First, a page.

Think Twice before You Post: The Impact of Online Self-Presentation on the Self-Concept
161 Pages Posted: 3 Aug 2012
Date Written: July 31, 2012
The present work investigates the impact of online self-presentation on the self-concept. Online self-presentation is the goal-directed activity of publishing information on the Internet in order to influence the impressions formed by an online community about oneself. Web-based applications such as personal homepages, blogs, and social network sites facilitate online self- presentation. Prior studies found that the content of one’s online self-presentation is influenced by various internal and external demands. Moreover, research has shown that self-presentation in non-mediated, face-to-face environments, can change one’s self-concept. In this context, the present work addresses the following questions: How does the way one presents oneself online affect one’s self-concept? Under what circumstances is a person’s online self-presentation likely to lead to a self-concept change? What are the potential consequences of an altered self-concept? I develop a theoretical model based on self-identification theory, which suggests that self-presentation impacts the self-concept through a process of inference and spreading memory activation. I propose that the impact of online self-presentation on the self-concept is moderated by system factors (i.e. visibility, identifiability, and restrictiveness), online community factors (i.e. size and importance), and user factors (i.e. self-monitoring and self-concept clarity).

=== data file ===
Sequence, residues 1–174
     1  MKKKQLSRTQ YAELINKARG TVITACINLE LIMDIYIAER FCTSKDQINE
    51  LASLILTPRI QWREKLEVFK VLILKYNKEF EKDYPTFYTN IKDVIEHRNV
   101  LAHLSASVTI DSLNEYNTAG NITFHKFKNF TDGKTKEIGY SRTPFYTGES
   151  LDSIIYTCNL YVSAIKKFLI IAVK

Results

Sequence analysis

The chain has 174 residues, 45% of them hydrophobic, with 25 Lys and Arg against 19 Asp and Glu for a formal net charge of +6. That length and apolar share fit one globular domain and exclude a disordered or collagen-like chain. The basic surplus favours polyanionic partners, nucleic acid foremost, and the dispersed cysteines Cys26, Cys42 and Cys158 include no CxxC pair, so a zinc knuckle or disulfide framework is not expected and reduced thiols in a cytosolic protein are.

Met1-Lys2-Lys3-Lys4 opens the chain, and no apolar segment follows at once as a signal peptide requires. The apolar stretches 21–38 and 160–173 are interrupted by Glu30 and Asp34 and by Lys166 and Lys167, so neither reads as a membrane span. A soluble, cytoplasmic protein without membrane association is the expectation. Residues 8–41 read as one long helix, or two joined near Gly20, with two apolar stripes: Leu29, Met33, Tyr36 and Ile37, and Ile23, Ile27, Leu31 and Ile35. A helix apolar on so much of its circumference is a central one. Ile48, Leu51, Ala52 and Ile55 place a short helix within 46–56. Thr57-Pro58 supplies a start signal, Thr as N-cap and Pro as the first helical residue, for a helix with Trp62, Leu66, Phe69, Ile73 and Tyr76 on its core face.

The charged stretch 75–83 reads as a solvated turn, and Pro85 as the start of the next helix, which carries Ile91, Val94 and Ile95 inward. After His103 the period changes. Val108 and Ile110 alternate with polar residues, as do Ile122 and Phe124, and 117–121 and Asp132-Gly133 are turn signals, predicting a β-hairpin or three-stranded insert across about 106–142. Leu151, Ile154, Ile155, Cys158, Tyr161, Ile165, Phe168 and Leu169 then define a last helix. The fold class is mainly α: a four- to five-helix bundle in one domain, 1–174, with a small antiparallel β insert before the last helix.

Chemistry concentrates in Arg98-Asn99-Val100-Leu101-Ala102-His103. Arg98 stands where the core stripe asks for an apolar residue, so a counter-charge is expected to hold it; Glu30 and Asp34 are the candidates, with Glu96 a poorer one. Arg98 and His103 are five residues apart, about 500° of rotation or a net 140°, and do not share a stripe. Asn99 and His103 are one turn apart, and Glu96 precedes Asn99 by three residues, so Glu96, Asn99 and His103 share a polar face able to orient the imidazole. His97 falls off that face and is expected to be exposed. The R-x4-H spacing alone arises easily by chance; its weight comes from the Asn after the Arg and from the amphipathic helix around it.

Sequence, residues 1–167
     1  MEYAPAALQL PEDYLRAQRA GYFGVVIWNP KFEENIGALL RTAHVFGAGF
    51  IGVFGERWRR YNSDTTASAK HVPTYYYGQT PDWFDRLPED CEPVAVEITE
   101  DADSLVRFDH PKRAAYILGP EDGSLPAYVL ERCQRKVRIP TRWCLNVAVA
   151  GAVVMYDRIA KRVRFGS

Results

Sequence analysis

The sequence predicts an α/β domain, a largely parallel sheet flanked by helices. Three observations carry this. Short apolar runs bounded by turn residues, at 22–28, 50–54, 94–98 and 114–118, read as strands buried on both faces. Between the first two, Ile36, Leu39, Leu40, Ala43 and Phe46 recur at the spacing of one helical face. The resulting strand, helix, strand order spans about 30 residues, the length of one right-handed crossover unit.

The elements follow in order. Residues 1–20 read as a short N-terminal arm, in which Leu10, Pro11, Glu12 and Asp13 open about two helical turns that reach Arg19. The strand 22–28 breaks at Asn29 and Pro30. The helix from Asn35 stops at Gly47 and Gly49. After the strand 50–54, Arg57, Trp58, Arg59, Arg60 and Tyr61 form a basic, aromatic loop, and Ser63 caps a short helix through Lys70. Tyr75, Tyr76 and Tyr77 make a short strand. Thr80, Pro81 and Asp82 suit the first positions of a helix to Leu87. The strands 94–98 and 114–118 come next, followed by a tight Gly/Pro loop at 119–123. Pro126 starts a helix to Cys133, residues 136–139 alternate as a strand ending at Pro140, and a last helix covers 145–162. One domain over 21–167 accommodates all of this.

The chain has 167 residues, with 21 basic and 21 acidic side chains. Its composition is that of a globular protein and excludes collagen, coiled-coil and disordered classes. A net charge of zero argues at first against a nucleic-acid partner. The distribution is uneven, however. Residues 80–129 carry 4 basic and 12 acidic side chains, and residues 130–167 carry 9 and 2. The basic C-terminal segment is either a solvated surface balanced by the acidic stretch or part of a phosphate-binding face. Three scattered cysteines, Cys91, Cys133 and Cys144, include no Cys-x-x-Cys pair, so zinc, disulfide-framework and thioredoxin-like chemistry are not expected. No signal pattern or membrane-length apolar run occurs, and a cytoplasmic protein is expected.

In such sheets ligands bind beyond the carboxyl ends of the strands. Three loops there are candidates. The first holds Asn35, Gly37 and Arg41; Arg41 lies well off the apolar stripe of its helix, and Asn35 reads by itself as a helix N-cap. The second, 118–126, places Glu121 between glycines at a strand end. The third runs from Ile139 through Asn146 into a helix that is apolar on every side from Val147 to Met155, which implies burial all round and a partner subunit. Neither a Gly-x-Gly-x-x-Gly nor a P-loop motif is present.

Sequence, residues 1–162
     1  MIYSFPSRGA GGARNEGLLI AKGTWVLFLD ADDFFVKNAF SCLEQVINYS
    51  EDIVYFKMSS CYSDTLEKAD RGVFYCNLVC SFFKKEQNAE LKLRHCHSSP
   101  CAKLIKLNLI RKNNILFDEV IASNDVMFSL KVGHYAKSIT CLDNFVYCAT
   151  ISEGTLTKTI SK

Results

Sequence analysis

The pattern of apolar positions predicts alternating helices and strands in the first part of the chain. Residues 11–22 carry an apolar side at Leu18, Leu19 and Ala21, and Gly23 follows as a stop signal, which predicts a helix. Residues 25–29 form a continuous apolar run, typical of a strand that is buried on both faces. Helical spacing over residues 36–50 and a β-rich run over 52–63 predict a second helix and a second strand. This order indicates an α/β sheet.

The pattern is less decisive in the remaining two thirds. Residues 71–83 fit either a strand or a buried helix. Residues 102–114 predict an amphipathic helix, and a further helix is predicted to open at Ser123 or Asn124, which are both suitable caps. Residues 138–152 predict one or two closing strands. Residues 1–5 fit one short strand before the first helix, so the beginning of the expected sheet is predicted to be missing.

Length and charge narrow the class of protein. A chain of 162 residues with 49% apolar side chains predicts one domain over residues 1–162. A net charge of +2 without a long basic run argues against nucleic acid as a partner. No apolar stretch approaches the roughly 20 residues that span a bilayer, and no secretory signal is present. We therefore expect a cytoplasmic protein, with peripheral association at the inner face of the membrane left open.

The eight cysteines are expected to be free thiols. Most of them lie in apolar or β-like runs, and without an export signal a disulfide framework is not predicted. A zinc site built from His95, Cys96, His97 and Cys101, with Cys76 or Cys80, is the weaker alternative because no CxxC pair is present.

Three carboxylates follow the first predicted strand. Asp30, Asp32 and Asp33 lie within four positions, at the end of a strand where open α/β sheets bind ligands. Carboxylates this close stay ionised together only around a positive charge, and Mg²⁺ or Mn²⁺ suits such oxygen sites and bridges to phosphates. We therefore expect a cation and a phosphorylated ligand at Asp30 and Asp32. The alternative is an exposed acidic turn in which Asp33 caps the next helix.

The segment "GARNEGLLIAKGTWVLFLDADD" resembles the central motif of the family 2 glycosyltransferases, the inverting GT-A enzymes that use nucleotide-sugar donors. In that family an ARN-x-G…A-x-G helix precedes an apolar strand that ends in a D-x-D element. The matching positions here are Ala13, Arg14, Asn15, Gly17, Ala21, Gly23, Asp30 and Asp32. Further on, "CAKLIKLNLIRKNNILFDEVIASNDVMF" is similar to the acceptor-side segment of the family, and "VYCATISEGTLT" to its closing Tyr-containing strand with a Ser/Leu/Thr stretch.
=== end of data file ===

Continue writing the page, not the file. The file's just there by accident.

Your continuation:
In three sequential experiments (total N = 969), I test the proposed relationships by inducing participants to present themselves online as a risk-seeker while manipulating system and online community factors. Subsequently, I measure participants’ risk self-concept using self-report, behavioral, and social perception measures. Results suggest that online self-presentation can change one’s domain-specific self-concept -- an outcome referred to as carryover effect -- if people are led to recall and share specific memories relating to a particular content domain. Moreover, I found that system, online community, and user factors do not significantly influence the carryover effect. Lastly, my findings suggest that the self-concept has domain-specific consequences for one’s behavior as well as for one’s social perception. However, these consequences are greatly influenced by the characteristics of a given sample. Given the nascent stream of research on online self-presentation, the present work makes significant theoretical and practical contributions while opening multiple avenues for future research.
Keywords: Carryover Effect, Online Self-Presentation, Risk Attitude, Self-Concept, Social Media, Social Perception
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